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Nelson police now paired with trained first responder for mental health calls

The Interior Health initiative is also being run in Trail
Interior Health has partnered four outreach liaisons in Nelson, Trail, Cranbrook and Williams Lake to work with local law enforcement related to mental health and substance use calls. File photo

Nelson police responding to mental health calls will now be joined by a trained clinician.

Interior Health announced Feb. 7 it was adding four outreach liaisons in Nelson, Trail, Cranbrook and Williams Lake to work with local law enforcement. The clinicians are able to respond to mental health and substance use-related calls, and have training in de-escalation and harm reduction.

Insp. Kris Rice with the Nelson Police Department said the clinician began attending calls in January. The program, which includes Nelson’s RCMP detachment, is already showing its benefits.

“I’ve seen first-hand the value of having her come to a scene like that. As you know, police get a lot of training in mental health, but we don’t get training to the same degree as a clinician would have.”

Rice said clinicians are able to attend calls on their own, but not when there is the possibility of violence. Sometimes they may be on standby until police complete a risk assessment.

Likewise, because a mental health call now begins with the health authority instead of the department, the clinician may attend but ask police for backup.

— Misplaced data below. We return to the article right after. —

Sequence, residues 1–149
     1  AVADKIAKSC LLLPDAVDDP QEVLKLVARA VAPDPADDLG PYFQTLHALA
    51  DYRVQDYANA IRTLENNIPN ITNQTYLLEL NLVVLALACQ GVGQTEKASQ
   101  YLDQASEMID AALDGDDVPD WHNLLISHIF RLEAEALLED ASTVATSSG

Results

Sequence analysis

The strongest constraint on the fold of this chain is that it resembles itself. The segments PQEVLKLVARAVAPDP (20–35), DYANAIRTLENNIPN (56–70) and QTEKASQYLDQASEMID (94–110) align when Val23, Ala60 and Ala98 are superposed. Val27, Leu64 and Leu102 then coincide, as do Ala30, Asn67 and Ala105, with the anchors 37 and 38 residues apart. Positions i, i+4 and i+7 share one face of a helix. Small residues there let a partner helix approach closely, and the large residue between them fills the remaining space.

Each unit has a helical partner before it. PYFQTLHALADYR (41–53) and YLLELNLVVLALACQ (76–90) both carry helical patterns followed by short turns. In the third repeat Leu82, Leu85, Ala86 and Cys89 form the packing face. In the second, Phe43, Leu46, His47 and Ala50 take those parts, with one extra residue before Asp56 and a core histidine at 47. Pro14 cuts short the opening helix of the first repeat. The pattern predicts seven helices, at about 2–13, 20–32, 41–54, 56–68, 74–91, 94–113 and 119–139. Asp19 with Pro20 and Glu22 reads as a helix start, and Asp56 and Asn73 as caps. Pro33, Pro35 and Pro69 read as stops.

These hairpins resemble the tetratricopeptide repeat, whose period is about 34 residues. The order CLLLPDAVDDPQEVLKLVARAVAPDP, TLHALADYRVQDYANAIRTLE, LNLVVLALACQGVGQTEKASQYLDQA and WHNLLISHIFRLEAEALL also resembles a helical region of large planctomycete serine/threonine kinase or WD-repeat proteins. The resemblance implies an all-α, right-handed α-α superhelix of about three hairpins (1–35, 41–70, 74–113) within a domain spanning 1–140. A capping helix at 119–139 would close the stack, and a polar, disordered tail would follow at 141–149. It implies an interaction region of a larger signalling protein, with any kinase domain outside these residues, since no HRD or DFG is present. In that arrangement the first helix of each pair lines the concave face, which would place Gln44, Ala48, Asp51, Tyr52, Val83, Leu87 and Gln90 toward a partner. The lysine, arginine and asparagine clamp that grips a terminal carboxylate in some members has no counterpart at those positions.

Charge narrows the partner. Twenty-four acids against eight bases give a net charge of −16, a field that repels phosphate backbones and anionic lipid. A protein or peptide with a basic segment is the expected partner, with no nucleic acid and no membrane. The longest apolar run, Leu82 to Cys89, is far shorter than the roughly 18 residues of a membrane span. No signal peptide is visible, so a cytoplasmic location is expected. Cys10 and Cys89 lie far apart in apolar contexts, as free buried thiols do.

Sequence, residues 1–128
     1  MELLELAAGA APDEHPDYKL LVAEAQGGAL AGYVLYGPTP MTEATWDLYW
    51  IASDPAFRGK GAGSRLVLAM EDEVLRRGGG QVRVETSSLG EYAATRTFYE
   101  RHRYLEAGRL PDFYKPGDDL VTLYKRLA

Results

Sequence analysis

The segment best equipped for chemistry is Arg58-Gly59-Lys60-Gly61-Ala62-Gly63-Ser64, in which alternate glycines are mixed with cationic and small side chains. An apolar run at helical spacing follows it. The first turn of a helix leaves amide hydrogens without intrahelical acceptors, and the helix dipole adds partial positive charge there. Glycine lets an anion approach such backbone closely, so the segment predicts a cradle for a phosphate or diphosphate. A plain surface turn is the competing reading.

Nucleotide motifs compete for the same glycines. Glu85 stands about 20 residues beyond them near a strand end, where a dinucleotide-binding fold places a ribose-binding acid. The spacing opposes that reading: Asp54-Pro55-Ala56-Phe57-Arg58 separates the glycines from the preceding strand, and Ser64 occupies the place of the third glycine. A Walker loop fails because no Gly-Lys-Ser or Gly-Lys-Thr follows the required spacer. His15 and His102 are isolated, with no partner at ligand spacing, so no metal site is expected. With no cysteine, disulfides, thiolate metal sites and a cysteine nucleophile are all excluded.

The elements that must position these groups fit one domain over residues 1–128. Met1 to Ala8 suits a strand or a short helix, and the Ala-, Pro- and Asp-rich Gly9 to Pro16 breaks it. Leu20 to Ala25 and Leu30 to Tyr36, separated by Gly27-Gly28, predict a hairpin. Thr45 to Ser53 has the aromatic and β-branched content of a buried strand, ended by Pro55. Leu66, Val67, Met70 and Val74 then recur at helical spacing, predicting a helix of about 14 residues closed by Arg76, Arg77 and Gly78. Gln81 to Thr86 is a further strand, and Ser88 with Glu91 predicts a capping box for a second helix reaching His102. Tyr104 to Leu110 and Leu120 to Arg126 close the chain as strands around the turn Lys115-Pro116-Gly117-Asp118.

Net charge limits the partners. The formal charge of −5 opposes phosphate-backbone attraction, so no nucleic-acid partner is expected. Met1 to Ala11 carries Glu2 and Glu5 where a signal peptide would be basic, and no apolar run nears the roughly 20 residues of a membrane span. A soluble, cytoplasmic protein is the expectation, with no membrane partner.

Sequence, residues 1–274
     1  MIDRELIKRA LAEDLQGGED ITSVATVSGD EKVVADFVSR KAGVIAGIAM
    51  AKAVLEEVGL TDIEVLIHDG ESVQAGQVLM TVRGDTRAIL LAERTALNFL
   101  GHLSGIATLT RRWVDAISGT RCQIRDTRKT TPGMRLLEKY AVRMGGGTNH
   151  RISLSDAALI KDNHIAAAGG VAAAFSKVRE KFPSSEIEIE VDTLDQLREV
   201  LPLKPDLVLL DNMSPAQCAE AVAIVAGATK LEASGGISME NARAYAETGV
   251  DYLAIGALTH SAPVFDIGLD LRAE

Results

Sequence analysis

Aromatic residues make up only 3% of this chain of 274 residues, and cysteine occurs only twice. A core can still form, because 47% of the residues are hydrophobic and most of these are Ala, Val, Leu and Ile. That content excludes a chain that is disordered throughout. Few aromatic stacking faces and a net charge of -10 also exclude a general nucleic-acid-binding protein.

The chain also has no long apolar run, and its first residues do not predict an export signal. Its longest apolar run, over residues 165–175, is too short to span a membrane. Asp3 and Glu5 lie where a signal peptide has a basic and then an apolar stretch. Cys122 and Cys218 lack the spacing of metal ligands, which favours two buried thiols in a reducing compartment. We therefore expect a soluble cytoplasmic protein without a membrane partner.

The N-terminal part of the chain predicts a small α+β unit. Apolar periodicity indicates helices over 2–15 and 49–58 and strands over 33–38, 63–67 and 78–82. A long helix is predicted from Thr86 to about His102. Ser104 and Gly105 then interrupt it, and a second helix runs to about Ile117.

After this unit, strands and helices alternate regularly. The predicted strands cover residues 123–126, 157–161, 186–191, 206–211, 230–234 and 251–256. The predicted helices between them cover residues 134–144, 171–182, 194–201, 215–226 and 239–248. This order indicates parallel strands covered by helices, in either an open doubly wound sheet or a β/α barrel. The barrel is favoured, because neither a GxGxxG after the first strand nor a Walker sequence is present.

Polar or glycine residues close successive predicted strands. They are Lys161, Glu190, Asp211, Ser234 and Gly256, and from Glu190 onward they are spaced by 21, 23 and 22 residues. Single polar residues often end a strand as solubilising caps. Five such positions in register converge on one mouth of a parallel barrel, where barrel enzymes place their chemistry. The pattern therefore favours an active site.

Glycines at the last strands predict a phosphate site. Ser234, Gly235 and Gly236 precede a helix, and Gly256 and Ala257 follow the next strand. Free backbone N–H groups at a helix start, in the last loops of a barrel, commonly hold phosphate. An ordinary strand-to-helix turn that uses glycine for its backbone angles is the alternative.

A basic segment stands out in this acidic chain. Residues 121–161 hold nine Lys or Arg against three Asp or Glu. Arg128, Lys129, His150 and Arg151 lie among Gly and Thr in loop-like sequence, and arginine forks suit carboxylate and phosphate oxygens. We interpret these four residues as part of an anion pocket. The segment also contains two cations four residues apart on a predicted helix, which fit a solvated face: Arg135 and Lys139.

The partnership is flexible. Rice said he has also already seen a situation when a client felt more comfortable with an officer they knew than a mental-health worker they didn’t.

“It’s all about the client; it’s all about de-escalation. So it’s not necessarily the clinician needs to have that direct conversation, but the clinician is there to provide their expertise and that oversight and working together and sharing information.”

Mental health-related calls, and how they should be responded to, have become a focus for law enforcement in B.C.

In 2022, an all-party panel of MLAs recommended a number of revisions to the Police Act. They included the integration of mental health with 911 calls, and increased co-ordination between police and mental health workers, with an emphasis “on prevention and community-led responses and ensuring appropriate first response.”

The first reforms to the Police Act are expected to be brought to the Legislature this spring, but it’s not clear which ones will be on the table for MLAs.

Nelson police chief Donovan Fisher said the new partnership with Interior Health aligns with the Police Act recommendations but isn’t connected. The initiative, he said, came from discussions between the health authority, BC Association of Chiefs of Police and the RCMP’s Southeast District.

Nelson police responded to 732 calls with a mental-health component in 2023. Fisher doesn’t think the partnership will lead to a decrease in those calls, but he does believe it will result in better outcomes for those in need of help.

“The clients are the ones who are going to benefit and get the best response that we can give them as a police department. So we’re not apprehending people who don’t need to be apprehended … and making sure that they’re getting where they need to go. And then [the clinician] can also follow up with them after the fact.”


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Tyler Harper

About the Author: Tyler Harper

I’m editor-reporter at the Nelson Star, where I’ve worked since 2015.
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